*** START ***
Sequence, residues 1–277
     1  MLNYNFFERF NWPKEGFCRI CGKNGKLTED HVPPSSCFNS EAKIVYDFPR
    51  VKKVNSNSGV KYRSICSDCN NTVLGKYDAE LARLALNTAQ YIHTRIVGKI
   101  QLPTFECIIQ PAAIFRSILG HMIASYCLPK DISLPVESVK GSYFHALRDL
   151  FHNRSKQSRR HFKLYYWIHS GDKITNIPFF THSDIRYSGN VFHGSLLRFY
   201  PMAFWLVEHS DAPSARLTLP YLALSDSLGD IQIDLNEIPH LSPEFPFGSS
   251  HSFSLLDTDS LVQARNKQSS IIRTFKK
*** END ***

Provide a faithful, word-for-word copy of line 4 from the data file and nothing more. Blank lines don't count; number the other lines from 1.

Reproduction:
   101  QLPTFECIIQ PAAIFRSILG HMIASYCLPK DISLPVESVK GSYFHALRDL